The Product: A Portrait of Bay Laurel
- Sierra Mar at the Post Ranch Inn
47900 Highway 1
Big Sur, CA 93920
Bay Laurel Tips
California Bay Laurel grows along the California coast and the Southwest Oregon coast. The flowers and young shoots sprout in late winter and early spring.
Cox suggests storing California bay laurel frozen and dried. The bay fruit also freezes well, he says, for sauces or purées.
The larger leaves are very bitter; pick young, spring shoots for more palatable flavor.
Roast nuts until they are very dark, similar to coffee, to reduce bitterness.
The fruit doesn’t grow evenly—the area near the stem is quite bitter—so only the bottom two-thirds of the fruit is usable.
In the past year Chef John Cox has learned the rhythms and tapped the essence of California bay laurel. There are nearly 600 trees on the expansive property at the Post Ranch Inn in Big Sur, where Cox serves as executive chef. He and his team are now tethered to the trees’ growing cycle, gathering flowers and harvesting the young leaf shoots during the spring and picking fruit throughout the year. Cox has turned that hard work into a beautiful boar dish that highlights the bright, floral spice of California bay and uses every part of the tree—leaves, nuts, fruit, blossoms—to show off local flavor.
Cox was first introduced to the area’s wild laurel when he got his start working at Post Ranch’s Sierra Mar restaurant 10 years ago. “I always knew [California] bay laurel was related somewhat to European bay, but I thought it was too strong to cook with,” he says. In fact, the California variety, a hardwood that’s native to the coastal forests of California and southwest Oregon, has about 7 percent essential oils—about six times stronger than the European variety.
Wild Boar Tenderloin with Bay Laurel, and Persimmon
Whole California Bay Laurel
Bay Laurel Nut
Matured Bay Laurel Tree
When Cox returned to Sierra Mar last year, he was inspired by the abundance of laurel growing on the property. He researched a number of historical uses—the Spanish dried the leaves, while Native American’s roasted the nuts for a coffee-like drink—and sampled different size leaves. “The big leaves are way too strong, so strong they can actually give you a headache,” he says. “But when you get really young leaves, they are very similar to European leaves.” Although he can find some version of these young shoots throughout the year, Cox finds the flavor best during the spring and sends out cooks to harvest as many leaves as possible during this time. The leaves are then frozen and used throughout the year.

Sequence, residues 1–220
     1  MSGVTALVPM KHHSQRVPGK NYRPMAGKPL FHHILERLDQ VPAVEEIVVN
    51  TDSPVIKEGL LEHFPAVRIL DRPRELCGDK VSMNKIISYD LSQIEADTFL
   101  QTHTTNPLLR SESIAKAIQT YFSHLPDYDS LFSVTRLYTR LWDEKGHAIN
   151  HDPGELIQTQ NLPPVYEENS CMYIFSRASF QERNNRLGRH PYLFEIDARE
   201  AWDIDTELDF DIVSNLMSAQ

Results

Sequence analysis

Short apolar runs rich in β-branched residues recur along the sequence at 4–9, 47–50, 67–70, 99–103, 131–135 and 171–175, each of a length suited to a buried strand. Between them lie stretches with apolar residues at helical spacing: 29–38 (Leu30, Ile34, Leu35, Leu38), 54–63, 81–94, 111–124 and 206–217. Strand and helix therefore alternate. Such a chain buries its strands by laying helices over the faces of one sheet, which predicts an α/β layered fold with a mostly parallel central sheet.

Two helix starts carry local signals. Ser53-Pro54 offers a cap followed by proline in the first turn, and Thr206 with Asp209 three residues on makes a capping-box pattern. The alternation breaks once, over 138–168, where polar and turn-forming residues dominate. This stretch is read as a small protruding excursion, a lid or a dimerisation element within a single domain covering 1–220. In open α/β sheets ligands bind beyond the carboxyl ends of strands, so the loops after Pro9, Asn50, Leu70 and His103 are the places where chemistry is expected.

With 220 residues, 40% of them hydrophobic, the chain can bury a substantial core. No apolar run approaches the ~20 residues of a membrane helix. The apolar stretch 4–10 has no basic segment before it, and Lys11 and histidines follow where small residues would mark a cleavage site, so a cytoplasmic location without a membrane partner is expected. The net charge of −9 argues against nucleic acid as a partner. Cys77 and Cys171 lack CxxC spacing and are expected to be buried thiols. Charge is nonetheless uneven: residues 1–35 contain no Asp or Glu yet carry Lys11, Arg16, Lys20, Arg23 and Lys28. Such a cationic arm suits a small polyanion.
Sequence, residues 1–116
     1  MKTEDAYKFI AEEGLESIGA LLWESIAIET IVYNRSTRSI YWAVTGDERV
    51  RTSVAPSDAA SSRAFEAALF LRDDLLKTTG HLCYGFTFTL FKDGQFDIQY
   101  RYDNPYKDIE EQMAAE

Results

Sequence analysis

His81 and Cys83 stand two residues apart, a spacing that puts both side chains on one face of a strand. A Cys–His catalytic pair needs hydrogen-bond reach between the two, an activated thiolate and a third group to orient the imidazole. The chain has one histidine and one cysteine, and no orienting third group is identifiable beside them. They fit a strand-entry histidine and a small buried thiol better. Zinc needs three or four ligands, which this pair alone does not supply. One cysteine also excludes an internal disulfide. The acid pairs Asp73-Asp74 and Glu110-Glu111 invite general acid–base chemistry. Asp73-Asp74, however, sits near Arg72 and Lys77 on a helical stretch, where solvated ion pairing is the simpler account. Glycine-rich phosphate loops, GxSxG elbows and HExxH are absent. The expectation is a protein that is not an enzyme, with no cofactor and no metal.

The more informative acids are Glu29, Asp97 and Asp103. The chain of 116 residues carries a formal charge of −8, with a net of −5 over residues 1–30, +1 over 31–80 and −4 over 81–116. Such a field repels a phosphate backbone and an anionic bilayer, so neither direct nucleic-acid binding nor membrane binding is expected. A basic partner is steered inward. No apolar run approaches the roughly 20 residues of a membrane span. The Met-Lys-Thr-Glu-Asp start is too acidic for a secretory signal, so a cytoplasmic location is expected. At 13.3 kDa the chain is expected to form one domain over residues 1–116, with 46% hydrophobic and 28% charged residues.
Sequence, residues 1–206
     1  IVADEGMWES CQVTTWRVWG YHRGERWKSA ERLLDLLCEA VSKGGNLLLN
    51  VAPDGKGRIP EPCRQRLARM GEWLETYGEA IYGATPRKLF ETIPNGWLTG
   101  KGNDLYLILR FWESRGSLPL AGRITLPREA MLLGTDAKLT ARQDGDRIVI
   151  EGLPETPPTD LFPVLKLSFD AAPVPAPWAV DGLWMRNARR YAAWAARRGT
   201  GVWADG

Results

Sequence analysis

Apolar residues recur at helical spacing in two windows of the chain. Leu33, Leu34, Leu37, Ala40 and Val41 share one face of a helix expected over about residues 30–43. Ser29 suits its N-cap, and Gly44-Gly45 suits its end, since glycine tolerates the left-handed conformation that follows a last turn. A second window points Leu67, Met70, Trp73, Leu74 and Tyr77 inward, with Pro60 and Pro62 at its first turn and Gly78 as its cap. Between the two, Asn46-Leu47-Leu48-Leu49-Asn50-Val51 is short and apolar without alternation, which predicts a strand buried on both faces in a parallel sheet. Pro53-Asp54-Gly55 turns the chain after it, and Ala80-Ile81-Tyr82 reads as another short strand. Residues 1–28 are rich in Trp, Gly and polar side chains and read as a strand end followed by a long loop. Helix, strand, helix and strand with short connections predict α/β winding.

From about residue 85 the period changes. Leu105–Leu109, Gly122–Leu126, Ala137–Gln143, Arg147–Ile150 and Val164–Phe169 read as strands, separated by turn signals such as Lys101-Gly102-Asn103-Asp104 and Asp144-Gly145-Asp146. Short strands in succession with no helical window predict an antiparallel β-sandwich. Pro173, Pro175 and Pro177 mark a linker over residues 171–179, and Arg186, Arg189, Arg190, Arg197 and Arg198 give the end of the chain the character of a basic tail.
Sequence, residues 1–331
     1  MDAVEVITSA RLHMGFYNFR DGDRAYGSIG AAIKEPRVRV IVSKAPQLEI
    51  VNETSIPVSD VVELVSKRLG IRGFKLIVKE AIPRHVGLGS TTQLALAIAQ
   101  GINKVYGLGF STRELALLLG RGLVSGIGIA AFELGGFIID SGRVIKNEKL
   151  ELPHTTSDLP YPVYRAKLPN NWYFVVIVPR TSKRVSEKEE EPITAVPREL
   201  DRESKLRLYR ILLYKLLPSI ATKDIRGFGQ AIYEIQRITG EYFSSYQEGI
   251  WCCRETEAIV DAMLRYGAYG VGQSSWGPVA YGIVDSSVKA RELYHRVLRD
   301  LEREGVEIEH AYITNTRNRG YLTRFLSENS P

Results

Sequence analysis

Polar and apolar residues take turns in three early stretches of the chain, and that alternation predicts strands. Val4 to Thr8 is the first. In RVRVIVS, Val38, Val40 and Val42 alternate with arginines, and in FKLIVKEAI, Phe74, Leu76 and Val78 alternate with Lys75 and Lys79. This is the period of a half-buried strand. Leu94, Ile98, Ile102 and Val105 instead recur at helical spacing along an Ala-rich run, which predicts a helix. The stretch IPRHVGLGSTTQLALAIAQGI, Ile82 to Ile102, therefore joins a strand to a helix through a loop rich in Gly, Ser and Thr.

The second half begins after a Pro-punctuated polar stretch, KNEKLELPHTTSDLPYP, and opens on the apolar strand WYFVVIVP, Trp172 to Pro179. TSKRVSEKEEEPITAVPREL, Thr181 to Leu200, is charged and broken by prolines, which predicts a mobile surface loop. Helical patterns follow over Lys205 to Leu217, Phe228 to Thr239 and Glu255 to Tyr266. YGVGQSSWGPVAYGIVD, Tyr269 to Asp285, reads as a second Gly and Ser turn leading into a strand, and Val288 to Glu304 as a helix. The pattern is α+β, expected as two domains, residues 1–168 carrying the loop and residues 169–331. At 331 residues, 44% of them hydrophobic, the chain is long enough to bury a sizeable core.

For his boar dish, Cox first looked to the relationship between boar and bay. The area is home to a large population of wild boar that feed on the bay laurel, so Cox started with apple cider-bay brine for the meat. To incorporate more bay flavor, he next turned to the bay fruit, which looks and tastes similar to miniature avocados (avocados and bay belong to the same plant family, Lauraceae). Puréed with lime juice, honey, and spinach, it becomes a bright, tangy sauce alongside the meat. Taking inspiration from Native Americans, Cox then roasted the nuts slowly, releasing some of the bitter oils, before grinding them with a sugar and cocoa to form a rich, deep earthy powder.
The distinctive flavors of the dish coalesce to create an intricately drawn portrait of California’s bay laurel: spicy, herbaceous, and floral. Initially, Cox intended to emphasize the boar-bay connection. But the foraging and creative processes led the dish (and the chef) to an unexpected conclusion. “In general, as a chef, I always think of bay leaf as a base flavor. Whether in a soup or stock, it plays a supporting role, and fills in flavor gaps,” says Cox. “But in this dish, the bay becomes more of a focus, even more than the boar.”
As Cox watched the bay laurel continue to blossom and grow throughout the past year, the concept has continued to evolve. Bay flowers were added as a finishing element when they blossomed in early spring. Instead of a simple garnish, Cox pickled the buds in Riesling vinegar, adding a nice acidic pop.
“As we foraged different parts of the bay tree—froze the nuts, pickled the blossoms, toasted the bay nuts, froze the bay leaves—eventually we had one year’s cycle of the bay tree,” says Cox. “That’s when I considered the dish to be complete. Each [component of the bay tree has] its own distinctive quality, and it really gives an excellent portrait of what the California bay laurel tree is.”